The transients of FIGS. 3 and 4 are algebraically added to produce transient 36 in FIG. 5. Transient 36 illustrates the net tip clearance 15 in FIG. 1 as a function of time during the acceleration. Again, the vertical axis in FIG. 5 is in arbitrary units indicative of clearance size. The reader will note that there is initially a peak clearance at point 39 which gradually decreases toward the steady-state value 42. As the Figure shows, it takes approximately 4 or 5 minutes for the tip clearance 15 to reach its steady-state value 42.

FIG. 6 illustrates one form of the present invention which compensates for the effect of the tip clearance transient 36 in FIG. 5 upon thrust. Block 50 in FIG. 6 generates a digital output versus time signal which is similar to the transient 30 of FIG. 3, and block 53 generates a signal similar to the transient 33 of FIG. 4. The summation in summer 56 in FIG. 6 produces a net output on line 59 similar to the transient 36 of FIG. 5. The net output is subtracted from summer 62 in FIG. 6 in which the actual, measured, T5 is added by block 64 on line 65. Also subtracted in summer 62 is a T5 reference derived from a schedule indicated by block 68. The latter block 68 is a schedule, or listing, of various values of T5 which are calculated in advance for various engine operating conditions. Thus, the value subtracted at summer 62 by block 68 will change, depending upon the operating condition of the engine.

Blocks 64 and 68 (ignoring the effect of the net output on line 59) provide on line 72 a T5 ERROR signal, in the sense that the error signal indicates a deviation of actual T5 from scheduled T5. The addition of the net output (from summer 56) on line 59 modifies the T5 ERROR signal into a T5 ERROR signal, but droop compensated (T5E-DC). T5E-DC is integrated in block 75 designated by the symbol 1/S (1/S being a/LaPlace transform term) and having a gain indicated by the term K. The output, on line 78, is a variable exhaust nozzle (VEN) area trim signal.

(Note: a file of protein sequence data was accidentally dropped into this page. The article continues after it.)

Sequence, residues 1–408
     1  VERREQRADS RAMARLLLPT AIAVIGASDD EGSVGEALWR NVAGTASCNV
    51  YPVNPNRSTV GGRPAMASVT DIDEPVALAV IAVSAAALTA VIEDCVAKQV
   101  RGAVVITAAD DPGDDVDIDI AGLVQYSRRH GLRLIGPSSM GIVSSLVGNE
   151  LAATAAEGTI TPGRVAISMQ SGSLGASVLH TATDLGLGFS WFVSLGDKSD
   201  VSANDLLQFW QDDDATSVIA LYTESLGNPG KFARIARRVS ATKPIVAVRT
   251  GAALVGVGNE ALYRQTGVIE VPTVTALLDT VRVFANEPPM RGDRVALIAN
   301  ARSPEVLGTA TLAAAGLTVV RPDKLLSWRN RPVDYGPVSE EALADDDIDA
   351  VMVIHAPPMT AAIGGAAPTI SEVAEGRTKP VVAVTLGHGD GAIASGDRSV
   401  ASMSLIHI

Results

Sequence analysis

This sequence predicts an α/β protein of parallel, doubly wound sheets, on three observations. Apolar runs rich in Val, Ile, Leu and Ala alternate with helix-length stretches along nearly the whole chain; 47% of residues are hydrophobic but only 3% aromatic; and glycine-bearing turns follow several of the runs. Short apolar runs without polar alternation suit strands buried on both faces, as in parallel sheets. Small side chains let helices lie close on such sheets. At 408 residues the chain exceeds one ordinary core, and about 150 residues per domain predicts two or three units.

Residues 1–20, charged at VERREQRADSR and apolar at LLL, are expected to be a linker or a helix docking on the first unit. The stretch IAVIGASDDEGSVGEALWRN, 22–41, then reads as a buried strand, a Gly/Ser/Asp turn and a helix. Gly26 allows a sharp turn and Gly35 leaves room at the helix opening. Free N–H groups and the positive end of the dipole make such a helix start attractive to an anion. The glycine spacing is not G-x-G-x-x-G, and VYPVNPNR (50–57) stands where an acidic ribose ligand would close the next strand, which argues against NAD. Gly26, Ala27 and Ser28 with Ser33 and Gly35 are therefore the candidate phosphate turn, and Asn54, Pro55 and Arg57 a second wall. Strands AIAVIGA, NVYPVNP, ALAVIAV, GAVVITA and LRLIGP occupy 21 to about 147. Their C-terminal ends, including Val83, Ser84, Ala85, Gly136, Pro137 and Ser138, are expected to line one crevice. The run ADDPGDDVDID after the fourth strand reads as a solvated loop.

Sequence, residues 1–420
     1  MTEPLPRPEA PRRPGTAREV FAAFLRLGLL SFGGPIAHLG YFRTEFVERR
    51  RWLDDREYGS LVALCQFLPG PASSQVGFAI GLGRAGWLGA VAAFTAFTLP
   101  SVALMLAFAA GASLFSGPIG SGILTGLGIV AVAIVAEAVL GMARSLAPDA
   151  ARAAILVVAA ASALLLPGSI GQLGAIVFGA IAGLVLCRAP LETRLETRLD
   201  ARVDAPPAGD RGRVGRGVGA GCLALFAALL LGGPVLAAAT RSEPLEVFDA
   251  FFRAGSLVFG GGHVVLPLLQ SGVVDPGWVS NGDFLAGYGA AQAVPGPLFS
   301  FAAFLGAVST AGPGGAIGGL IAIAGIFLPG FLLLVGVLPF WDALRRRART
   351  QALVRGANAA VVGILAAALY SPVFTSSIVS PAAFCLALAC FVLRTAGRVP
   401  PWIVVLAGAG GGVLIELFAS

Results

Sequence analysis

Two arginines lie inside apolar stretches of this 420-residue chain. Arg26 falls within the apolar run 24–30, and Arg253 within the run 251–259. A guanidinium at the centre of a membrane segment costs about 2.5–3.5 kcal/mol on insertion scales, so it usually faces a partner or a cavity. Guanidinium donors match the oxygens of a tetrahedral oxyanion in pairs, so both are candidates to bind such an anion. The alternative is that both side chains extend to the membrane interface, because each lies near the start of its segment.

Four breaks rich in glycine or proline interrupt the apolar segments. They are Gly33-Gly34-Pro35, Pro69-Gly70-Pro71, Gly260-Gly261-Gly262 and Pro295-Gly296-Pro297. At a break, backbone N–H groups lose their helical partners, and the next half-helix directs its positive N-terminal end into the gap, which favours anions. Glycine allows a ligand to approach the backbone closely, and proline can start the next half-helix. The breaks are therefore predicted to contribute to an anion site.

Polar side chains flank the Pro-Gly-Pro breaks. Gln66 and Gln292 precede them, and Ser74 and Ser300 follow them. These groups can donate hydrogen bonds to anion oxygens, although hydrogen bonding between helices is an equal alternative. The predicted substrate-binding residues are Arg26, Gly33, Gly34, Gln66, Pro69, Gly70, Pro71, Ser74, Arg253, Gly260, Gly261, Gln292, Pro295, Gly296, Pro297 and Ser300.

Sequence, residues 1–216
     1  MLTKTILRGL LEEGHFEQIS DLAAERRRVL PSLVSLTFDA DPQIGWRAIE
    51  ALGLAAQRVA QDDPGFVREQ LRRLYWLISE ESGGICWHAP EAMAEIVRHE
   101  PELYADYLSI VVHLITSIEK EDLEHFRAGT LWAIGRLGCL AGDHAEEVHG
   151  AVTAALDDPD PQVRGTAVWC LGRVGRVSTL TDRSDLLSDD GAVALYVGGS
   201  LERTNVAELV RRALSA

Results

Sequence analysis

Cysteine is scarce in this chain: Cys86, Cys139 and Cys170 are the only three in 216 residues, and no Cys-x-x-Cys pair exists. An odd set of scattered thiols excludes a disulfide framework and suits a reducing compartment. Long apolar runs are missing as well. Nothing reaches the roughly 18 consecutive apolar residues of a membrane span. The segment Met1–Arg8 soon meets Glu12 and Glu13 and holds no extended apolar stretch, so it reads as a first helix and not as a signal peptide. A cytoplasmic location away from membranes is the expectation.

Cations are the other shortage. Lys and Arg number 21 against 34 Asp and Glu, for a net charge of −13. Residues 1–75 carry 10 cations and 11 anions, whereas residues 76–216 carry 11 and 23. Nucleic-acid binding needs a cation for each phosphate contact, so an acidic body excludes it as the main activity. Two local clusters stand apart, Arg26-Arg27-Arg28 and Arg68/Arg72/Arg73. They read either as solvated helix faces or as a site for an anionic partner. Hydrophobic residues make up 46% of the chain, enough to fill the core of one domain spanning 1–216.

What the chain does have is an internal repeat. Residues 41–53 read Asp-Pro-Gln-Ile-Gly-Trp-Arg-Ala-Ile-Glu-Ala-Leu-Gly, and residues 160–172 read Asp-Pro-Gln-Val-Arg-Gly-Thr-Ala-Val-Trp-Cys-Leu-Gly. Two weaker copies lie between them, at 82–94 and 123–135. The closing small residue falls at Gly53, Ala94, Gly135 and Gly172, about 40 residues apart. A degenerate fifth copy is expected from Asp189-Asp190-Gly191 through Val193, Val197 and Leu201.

The VEN refers to a nozzle 95 in FIG. 1 which is modulated in area as shown by dashed nozzle 95A to modify the pressure at point 21 in the engine. This pressure modification, in a manner which need not be understood here, alters the thrust produced by the engine. Control of the modulation is accomplished by apparatus which is known in the art and outlined below. The signal provided by block 101, a VEN area demand signal on line 103, is added in summer 105. Subtracted from summer 105 is the output of summer 108 which receives as inputs a feedback signal along line 110 which is provided by a transducer (not shown) which measures the actual VEN area. The other input of summer 108 is the VEN trim signal on line 78 and it is subtracted therein. The output of summer 105, on line 115, is processed as known in the art by VEN forward path dynamics block 120, which includes digital filters to stabilize the VEN control loop and the necessary analog electric and hydromechanical components to modulate nozzle area 95 in FIGS. 1 and 6.